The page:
Date: Fri, 6 Dec 91 08:47 CST From: arf at ddsw1.mcs.com (Jack Schmidling) Subject: STUFF To: Homebrew Digest Fm: Jack Schmidling From: "Dr. John" <JELJ at CORNELLA.cit.cornell.edu> Subject: Mashing & chilling Your arrogance makes responding in kind irresistable. >Jack Schmidling, in #764, in your second "Stuff" posting, you claim that if the boiling of the liquid under the false bottom in a direct-fired mash tun could be controlled, then you would be gaining the benefits of a decoction mash. Then in #771 you talk about boiling puny little quart-sized portions of the mash as though this is decoction mashing. If you took the trouble to understand the article instead of looking for something to flame, you would note that the number of quart-sized portions actually brought to a boil, represent a significant proportion of the total mash volume. > Jack, you appear to be confused as to just what decoction mashing is. May I suggest that you pick up a copy of Noonan's book and read it, or re-read it if you already have it. Again, if you took the trouble to read the article, you would note that I even quote from Noonan in it and many other articles I have written. >In fact, the first one (boiling the liquid under the false bottom) would only result in deactivating the enzymes. I would be most interested in knowing just what the difference is in wort boiled under and within the mash and that boiled separately. > I'd be interested in hearing what the source of your information on decoction mashing is. I used your favorite reference and added a little common sense and came up with a much simpler method that seems to do pretty much the same thing. If you find that beyond your own abilities or inclinations, that is your problem. From: martin at daw_302.hf.intel.com (martin wilde) Subject: Brewing Techniques > - Recycle the extract from the sparge a couple of times (2-3 quarts). This helps in extracting the extract. This has the "ear feel" of a momily. Just how does recycling, highly saturated wort, improve extraction? The intuitive purpose of recycling the initial runoff is to keep the cloudy stuff out of the wort. > - After collecting the extract, get it boiling as soon as possible when using the step mash or decotation mash methods. This one has possibilities of being true, I just don't happen to know what they are. I have often contemplated putting off the boil till the next day. What is the problem? ... particularly in the case of decoction, where the wort would be pretty well sterlilzed/pasturized. From: BAUGHMANKR at CONRAD.APPSTATE.EDU Subject: Boil-over >Boil over is caused by the formation of a viscous film of protein on the surface of the soon-to-boil wort..... To prevent boil-over, I skim the creamy head of protein that forms in the pre-boil stage several times. Haven't had boil-over in years. Boil-over usually doesn't occur after that initial 'steam-break'. I recently had a great debate on the true meaning of the aphorism, "A watched pot never boils", I lost by general concensus but..... The most obvious reason for the boil over is that the liquid is too hot. If one simply turns the flame down when nearing the boil point, a most amazing thing happens..... I too, skim the foam but given enough heat, nothing will stop a boil over. js Return to table of contents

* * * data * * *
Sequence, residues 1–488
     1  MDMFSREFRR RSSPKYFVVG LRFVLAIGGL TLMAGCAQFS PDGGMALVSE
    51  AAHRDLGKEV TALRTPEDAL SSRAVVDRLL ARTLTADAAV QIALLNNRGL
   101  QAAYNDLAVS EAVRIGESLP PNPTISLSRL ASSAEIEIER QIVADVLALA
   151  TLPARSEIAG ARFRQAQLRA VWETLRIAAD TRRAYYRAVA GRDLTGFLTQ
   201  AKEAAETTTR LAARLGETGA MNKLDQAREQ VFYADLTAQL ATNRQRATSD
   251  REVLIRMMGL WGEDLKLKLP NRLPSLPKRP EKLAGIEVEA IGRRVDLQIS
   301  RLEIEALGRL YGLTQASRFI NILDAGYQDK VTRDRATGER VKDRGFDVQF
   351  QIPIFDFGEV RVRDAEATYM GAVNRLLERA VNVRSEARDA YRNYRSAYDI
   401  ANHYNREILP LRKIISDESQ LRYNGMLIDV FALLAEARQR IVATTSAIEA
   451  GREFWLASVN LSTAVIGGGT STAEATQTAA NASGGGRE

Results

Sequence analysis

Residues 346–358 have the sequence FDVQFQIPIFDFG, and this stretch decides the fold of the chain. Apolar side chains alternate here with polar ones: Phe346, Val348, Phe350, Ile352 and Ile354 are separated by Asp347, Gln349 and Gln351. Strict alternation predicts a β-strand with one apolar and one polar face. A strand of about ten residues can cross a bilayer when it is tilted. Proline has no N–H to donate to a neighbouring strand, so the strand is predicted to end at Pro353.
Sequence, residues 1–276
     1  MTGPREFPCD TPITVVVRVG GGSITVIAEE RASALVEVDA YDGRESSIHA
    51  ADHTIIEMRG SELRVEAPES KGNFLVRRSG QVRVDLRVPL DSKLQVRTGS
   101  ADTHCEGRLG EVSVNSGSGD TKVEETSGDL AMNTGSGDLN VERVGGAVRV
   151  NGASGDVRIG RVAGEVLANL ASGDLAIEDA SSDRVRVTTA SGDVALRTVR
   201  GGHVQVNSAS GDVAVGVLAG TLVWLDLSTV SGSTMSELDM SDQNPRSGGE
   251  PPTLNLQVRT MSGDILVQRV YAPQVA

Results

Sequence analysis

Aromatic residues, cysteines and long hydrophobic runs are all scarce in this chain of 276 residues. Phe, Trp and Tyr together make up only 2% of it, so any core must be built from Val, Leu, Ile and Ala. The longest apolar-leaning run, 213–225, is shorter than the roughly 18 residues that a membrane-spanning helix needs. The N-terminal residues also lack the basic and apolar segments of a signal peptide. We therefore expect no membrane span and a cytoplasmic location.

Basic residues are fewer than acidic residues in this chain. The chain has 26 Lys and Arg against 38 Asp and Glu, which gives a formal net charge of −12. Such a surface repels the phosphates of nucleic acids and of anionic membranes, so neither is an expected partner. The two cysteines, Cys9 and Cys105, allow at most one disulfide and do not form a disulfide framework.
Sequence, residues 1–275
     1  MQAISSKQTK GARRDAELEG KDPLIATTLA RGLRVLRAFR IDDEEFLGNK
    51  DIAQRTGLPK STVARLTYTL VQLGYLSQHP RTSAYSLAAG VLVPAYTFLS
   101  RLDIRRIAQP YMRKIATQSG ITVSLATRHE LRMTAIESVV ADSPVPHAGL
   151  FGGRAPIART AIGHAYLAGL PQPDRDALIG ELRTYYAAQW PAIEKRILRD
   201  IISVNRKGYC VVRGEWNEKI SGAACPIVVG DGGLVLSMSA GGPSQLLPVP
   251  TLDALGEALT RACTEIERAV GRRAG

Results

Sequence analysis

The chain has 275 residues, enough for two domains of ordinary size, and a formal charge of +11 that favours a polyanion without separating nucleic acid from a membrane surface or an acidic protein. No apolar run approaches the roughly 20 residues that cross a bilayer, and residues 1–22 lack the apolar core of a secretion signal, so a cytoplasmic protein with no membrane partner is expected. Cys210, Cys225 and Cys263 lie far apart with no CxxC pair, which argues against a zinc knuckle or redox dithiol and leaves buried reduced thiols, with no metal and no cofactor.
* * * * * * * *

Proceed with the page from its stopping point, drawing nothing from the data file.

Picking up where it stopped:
Date: Friday, 6 December 1991 2:19pm ET From: joshua.grosse at amail.amdahl.com Subject: Sparging discussions In HBD 775, Jack Schmidling commented on my too-small lautering tun problems: >>A 4 gallon mash didn't all fit in the lauter-tun at the same time! I ended >>up taking a lot of run-off out right away in order to stop leakage from >>between the two buckets! Miller recommended a 5-minute rest for settling; I >>couldn't. >> >>This made the sparging get a little more complicated. >This also made it not-sparging and explains all the problems you ended up >with. The mash must be allowed to settle or you can not establish a filter >bed and will only get what you got. It did settle, but only after I'd drawn off a gallon or two, which was then recirculated. >Fix those leaks. That would take larger buckets! And, C.R. Saikley writes: >Another option is to have your supplier crack your grain. A decent >homebrew shop will have a two roller mill, which should give you a >much better crush than a Corona can. It usually costs no more than >4-5 cents/pound extra to get your grain cracked, and some suppliers >will do it free. Cracked grain doesn't keep well, so you'll want to >brew ASAP after milling. If you live in an area where you must mail >order your grain, having it pre cracked is not a good idea. Interesting. I've no easy access to a homebrew shop that has a mill. As I live in an area with homebrew stores that don't offer milling service. Andy (ak35+ at andrew.cmu.edu) recommends mail-order precrush. >I've never had much luck with pH papers either. ... Spencer Thomas (spencer.w.thomas at med.umich.edu) recommends obtaining pH papers at a photographic supply store. >>The electric boiler never got a really good high ruckus boil. > >The advantages of a good rolling boil are several. This topic is thoroughly >covered in many places, so I won't go into that here. Suffice to say >that a strong boil is highly desirable. It does roll, however, and I stirred frequently, and Irish Moss really helped the hot break. >Fear not, for with a little experience, things will flow much more smoothly >and your results will likely improve. Thanks, C.R. In HBD 776, Kurt Swanson asked: >I've always wondered why underletting is necessary in sparging... I've always >done it, but never knew why... Miller doesn't say why, just that it should be >done... Any ideas? Both Miller and Papazian recommend foundation water in order to avoid clogging your lauter tun strainer. If the mash is placed there with air under the strainer, its more likely to cause stuck runoff. - ----------------------------------------------------------------- Josh Grosse jdg00 at amail.amdahl.com Amdahl Corp. 313-358-4440 Southfield, Michigan Return to table of contents